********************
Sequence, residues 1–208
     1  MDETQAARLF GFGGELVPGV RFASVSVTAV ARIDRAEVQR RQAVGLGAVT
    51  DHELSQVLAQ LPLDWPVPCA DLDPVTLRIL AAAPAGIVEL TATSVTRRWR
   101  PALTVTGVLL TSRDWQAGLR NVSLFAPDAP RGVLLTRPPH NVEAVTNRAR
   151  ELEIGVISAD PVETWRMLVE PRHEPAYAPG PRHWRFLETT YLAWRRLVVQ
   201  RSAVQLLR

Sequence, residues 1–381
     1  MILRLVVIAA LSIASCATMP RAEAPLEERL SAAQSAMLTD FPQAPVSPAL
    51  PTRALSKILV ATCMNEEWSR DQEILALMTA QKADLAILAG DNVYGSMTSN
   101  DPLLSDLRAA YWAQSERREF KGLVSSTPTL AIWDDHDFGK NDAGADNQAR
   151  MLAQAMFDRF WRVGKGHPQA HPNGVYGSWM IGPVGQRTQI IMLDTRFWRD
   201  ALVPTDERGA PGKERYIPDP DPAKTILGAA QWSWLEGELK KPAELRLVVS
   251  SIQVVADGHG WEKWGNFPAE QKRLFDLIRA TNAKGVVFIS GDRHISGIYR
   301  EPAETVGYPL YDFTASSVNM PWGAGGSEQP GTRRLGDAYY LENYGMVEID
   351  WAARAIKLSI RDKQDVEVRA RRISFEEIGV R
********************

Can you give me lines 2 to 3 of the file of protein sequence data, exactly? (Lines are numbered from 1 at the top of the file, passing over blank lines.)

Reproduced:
     1  MDETQAARLF GFGGELVPGV RFASVSVTAV ARIDRAEVQR RQAVGLGAVT
    51  DHELSQVLAQ LPLDWPVPCA DLDPVTLRIL AAAPAGIVEL TATSVTRRWR